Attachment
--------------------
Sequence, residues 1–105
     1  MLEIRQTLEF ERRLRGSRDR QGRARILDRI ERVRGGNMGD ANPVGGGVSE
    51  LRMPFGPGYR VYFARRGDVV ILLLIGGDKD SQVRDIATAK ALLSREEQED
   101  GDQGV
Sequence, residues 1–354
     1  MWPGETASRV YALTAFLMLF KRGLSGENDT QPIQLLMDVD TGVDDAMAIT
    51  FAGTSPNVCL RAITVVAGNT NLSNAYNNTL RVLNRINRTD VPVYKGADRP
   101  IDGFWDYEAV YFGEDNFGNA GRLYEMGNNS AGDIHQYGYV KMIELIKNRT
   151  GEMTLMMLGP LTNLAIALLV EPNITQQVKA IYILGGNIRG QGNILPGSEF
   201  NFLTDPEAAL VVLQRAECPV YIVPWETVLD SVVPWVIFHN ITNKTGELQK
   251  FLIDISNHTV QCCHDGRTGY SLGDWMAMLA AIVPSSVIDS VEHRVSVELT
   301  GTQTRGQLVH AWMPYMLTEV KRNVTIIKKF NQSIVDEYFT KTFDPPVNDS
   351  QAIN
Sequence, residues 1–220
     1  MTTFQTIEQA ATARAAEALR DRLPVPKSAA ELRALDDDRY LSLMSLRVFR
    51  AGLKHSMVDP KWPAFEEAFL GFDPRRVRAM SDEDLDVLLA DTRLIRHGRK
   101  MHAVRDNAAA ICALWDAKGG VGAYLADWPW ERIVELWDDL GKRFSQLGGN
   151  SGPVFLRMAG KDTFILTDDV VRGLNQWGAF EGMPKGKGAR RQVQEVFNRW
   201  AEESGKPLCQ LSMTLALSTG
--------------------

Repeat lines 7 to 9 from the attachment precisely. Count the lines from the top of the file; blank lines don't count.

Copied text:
    51  FAGTSPNVCL RAITVVAGNT NLSNAYNNTL RVLNRINRTD VPVYKGADRP
   101  IDGFWDYEAV YFGEDNFGNA GRLYEMGNNS AGDIHQYGYV KMIELIKNRT
   151  GEMTLMMLGP LTNLAIALLV EPNITQQVKA IYILGGNIRG QGNILPGSEF